Buckets. people used buckets to carry water from the River Thames. The buckets were made of leather. People stood in a line and passed the full buckets of water to each other.

[see our modern firefighters demonstrating how the buckets were passed along the line of people]

After the Great Fire of London, fire brigades were set up to help people if they had a fire.

Your fire brigade is now called Devon and Somerset Fire and Rescue Service.

[music starts as the fire station bay doors open at Honiton Fire Station]

[the doors open and there are three fire engines of different sizes in the station]

[the camera zooms in on one of the fire engine doors and then the screen cuts away]

We do more than put out fires. [a series of photos showing the fire service at flood rescues, road traffic collisions, home safety visits, fire control, medical assistance and animal rescues]

We have the people.

We have the vehicles.

We have the equipment.

[A firefighter stands next to a fire engine and talks to the camera]

So, fire engines need to be huge. They need to be massive because we need to carry lots of types of equipment on board.

We don't just get called to one type of incident. We get called to many.

Such as house fires, RTCs, people stuck in flood water and sometimes we even have to rescue large animals such as horses and cows out ditches.

So we need lots of different equipment and some of it is really heavy.

So you know I said we go to house fires. Well, how do we put out a house fire? What do we need? Yes, indeed we need water!

How much water do you think is on this fire engine?

Your bath at home carries about 80 litres. This fire engine carries the same amount of water as 20 of your baths! That's a lot of water and that's why they need to be so big.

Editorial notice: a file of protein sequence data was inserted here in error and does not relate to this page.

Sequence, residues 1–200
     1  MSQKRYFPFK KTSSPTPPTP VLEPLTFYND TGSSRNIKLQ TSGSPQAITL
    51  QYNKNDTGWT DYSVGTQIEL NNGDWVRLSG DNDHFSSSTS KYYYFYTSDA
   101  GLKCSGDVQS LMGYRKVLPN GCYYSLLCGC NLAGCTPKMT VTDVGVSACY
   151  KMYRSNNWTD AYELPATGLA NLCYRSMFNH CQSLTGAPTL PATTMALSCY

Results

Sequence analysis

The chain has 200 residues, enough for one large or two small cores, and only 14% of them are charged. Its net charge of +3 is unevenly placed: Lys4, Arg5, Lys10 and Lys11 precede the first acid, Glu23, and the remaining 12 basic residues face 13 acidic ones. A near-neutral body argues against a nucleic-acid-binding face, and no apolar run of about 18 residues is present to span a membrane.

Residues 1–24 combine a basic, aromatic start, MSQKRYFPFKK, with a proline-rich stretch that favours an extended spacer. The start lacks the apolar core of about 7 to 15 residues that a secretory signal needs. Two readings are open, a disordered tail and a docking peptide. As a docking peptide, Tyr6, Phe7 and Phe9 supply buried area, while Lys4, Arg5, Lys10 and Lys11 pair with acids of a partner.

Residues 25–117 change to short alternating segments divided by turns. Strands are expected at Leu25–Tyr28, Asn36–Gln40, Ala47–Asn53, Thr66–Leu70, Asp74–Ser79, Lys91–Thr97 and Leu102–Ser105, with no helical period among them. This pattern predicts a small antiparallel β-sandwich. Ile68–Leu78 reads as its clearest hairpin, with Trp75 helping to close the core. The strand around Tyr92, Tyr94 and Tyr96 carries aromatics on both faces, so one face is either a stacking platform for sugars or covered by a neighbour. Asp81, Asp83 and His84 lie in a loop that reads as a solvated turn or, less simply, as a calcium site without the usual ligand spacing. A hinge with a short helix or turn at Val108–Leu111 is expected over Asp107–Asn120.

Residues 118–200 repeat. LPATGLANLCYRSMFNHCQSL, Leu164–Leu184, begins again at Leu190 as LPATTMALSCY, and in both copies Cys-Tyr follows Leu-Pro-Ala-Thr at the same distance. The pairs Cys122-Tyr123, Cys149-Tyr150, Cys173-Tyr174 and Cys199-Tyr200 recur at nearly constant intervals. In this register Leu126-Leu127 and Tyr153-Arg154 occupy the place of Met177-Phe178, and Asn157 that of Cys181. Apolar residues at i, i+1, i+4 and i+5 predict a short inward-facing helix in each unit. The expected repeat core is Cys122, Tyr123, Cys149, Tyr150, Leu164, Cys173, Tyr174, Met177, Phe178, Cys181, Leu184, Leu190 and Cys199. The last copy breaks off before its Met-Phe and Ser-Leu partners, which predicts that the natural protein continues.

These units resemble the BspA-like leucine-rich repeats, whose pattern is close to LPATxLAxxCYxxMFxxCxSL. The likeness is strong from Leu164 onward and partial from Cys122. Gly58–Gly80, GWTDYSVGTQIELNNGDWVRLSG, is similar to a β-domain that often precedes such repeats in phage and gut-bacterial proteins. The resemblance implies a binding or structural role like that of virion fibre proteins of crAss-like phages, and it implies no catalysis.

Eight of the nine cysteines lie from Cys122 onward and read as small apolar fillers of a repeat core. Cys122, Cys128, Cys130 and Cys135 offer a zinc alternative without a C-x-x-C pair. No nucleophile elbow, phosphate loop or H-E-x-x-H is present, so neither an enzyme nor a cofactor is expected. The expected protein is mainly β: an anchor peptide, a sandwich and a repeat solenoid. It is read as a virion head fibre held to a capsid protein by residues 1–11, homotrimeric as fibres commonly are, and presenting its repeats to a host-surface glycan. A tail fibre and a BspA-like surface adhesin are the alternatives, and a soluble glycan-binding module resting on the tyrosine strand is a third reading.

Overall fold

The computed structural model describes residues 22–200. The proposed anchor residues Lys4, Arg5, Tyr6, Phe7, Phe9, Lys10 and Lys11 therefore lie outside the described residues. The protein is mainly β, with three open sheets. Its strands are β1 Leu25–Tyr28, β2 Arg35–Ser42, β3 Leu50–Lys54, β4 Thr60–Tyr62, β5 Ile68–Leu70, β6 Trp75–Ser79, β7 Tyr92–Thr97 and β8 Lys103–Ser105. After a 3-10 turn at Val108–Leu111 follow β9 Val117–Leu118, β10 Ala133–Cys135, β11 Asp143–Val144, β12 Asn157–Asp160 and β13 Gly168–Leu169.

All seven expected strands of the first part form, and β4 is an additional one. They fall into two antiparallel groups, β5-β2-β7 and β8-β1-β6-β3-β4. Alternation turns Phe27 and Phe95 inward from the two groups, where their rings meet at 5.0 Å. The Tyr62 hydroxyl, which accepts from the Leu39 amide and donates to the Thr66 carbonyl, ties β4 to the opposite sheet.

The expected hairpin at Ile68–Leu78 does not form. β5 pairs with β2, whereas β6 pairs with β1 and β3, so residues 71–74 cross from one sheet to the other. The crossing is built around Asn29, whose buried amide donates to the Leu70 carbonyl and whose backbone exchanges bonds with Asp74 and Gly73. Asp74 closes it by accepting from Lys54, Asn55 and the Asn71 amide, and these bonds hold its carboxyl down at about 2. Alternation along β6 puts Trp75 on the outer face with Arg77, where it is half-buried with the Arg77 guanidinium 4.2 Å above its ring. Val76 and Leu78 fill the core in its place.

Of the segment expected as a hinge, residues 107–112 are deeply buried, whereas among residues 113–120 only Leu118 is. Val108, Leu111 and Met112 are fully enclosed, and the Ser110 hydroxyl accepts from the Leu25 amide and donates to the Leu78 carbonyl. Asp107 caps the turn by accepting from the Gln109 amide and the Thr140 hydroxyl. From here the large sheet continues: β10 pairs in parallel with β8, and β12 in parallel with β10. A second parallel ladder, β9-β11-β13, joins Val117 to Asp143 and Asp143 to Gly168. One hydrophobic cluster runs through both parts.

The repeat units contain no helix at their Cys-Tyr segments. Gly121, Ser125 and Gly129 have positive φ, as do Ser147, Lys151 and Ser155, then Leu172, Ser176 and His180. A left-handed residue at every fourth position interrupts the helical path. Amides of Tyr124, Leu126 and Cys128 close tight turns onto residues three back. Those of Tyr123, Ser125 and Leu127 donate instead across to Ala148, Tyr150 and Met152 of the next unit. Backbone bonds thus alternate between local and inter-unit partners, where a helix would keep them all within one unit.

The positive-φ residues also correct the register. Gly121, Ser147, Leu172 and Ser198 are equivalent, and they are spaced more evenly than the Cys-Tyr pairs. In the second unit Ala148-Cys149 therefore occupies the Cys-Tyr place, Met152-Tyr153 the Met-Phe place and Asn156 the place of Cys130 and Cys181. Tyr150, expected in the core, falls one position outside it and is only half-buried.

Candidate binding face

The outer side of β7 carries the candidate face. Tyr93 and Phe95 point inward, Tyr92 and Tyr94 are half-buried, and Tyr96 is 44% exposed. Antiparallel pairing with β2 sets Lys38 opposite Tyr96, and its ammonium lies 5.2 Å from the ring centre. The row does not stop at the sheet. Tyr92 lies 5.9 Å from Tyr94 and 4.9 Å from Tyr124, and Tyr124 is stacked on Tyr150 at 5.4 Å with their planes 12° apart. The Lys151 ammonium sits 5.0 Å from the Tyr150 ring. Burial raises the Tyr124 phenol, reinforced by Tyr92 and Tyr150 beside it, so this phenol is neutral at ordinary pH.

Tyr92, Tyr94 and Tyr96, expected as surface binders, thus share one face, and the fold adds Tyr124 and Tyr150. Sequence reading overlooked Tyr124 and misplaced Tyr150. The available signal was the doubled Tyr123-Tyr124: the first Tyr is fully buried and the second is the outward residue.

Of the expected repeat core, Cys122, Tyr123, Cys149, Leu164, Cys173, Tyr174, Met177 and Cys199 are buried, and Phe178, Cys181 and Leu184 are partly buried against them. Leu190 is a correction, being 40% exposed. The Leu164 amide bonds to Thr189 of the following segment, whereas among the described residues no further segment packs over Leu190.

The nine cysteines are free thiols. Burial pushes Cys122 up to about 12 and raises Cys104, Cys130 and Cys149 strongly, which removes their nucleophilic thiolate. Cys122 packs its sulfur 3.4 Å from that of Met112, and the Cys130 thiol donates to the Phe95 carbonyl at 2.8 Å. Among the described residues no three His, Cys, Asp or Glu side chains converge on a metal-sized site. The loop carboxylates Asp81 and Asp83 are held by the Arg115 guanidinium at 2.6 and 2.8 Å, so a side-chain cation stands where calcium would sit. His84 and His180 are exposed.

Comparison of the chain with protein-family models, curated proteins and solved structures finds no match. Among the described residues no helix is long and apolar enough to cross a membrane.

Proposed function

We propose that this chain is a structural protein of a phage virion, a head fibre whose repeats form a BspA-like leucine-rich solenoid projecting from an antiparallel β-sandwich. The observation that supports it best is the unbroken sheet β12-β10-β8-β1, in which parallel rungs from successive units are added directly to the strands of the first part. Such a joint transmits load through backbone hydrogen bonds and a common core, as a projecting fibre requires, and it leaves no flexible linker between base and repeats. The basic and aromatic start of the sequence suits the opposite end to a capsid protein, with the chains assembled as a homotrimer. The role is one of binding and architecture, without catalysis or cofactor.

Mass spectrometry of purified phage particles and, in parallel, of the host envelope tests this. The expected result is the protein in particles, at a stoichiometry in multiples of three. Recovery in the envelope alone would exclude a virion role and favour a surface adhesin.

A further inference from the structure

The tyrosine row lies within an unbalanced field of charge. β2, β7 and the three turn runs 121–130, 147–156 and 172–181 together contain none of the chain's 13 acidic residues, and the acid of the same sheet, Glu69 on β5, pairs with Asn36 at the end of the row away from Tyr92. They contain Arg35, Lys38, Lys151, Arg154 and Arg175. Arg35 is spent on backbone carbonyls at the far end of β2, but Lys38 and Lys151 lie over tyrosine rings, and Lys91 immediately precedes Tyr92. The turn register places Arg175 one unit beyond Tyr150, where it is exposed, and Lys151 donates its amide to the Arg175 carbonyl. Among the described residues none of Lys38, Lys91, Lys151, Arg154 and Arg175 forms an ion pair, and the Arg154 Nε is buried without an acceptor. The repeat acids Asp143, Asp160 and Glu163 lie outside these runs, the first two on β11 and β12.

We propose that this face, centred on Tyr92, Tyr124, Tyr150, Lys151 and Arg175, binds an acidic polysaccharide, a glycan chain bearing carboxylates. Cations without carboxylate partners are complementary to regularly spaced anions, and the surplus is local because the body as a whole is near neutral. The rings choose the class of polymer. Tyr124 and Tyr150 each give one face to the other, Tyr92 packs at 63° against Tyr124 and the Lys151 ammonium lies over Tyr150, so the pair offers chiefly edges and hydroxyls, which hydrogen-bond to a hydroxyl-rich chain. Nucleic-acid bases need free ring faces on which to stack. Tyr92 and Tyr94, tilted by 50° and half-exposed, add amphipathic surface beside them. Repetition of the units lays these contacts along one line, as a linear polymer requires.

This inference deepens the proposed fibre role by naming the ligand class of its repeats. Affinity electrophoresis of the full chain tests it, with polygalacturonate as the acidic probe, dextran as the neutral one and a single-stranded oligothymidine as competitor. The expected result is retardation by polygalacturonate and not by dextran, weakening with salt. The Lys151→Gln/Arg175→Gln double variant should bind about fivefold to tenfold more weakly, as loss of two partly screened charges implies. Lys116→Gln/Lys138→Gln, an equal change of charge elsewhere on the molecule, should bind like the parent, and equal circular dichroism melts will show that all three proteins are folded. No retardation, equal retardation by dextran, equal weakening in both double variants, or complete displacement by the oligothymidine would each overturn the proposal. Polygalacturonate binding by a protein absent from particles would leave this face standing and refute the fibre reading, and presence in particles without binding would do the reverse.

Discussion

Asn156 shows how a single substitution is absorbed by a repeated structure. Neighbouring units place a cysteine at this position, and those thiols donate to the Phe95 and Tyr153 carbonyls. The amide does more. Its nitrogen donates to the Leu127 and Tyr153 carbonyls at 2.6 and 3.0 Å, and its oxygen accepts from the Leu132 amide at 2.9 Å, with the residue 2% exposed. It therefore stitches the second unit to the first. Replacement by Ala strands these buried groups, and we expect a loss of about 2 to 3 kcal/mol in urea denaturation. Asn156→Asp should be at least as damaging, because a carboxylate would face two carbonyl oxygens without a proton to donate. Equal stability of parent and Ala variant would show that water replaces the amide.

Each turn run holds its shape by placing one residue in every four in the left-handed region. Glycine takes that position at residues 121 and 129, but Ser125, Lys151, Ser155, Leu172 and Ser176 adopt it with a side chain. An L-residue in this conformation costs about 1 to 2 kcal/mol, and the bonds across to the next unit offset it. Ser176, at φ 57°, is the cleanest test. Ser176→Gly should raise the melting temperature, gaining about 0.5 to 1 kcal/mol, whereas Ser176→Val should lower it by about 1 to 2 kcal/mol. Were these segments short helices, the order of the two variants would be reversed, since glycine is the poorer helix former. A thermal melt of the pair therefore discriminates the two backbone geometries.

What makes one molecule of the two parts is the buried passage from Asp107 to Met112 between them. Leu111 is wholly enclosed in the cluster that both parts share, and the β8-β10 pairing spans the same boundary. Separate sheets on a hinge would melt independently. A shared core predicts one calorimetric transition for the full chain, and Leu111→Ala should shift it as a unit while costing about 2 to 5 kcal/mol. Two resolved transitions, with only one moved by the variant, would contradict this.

Let's take a quick look round and see what other equipment we've got.

[music plays as the camera moves around the fire engine. A firefighter opens the cab door to show where they sit and some of the equipment in there]

[the camera goes along the side of the fire engine. A firefighter pulls a variety of equipment out from the side compartments on the engine]

[equipment includes pumps, tools, hoses, connectors and chocks]

[at the rear of the engine is where all the hose connectors fit]

[the camera now goes along the other side of the fire engine and the firefighter opens more compartments]

[the equipment includes cutters, more hoses, several positive pressure ventilation fans, water rescue equipment]

[the camera reaches the front of the fire engine and the firefighter opens the drivers door to show the cab and the music fades]

Ok troops, so you've had a look at our big fire engine but let me tell you, they're not all this big.

That is dependant on where you live. If you live in the city then you might see a big fire engine like this.

If you live in the country, with smaller roads, then you might see a fire engine like this...

[photographs of a medium rescue pump, a light rescue pump, and a 4x4 vehicle]

Those smaller fire engines are really important because we know the roads are a lot narrower and this big engine wouldn't be able to gt down them.

So, no matter where you live, you know you are safe because we can get to you one way or another.

You have an emergency number you can call; 9 9 9

[music starts again and we watch two firefighters changing into their protective clothing. Boots, trousers, tunics and helmets]

[now we have a view from outside the fire station. The fire engine pulls out of the bay doors and the siren sounds before it turns on to the road with blue light flashing]

How you can help the fire service.

Can you think of ways that we can stop small fires starting and becoming bigger fires? Or stop fires starting?

This is called prevention and it's an important job of the fire service.

Did you guess any of these fire safety tips? Well done! Don't forget to remind your grown-ups too.

Test your smoke alarms at least once a month. Turn off or unplug things not being used. Use the correct charger and switch off once fully charged. Never play with matches or lighters. Always put candles and tealights out properly.

Stay safe. We hope to see you in your school sometime soon.

For fire safety advice call 0800 05 02 999. For education enquiries email

Source URL:

List of links present in page